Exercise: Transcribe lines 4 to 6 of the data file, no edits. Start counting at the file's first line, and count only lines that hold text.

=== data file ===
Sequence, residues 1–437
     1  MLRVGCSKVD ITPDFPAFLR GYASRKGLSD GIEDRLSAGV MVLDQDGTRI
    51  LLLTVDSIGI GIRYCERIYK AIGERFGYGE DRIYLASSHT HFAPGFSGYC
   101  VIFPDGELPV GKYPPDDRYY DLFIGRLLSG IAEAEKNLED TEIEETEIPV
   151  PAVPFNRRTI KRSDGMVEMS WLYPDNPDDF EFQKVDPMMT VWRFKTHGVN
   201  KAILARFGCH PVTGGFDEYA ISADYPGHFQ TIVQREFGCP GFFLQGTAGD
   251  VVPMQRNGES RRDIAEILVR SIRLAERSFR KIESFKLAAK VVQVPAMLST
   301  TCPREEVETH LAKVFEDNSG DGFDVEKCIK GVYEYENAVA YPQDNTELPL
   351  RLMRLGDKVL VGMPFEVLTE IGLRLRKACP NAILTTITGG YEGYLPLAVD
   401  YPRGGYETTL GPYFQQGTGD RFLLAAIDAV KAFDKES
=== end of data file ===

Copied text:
   101  VIFPDGELPV GKYPPDDRYY DLFIGRLLSG IAEAEKNLED TEIEETEIPV
   151  PAVPFNRRTI KRSDGMVEMS WLYPDNPDDF EFQKVDPMMT VWRFKTHGVN
   201  KAILARFGCH PVTGGFDEYA ISADYPGHFQ TIVQREFGCP GFFLQGTAGD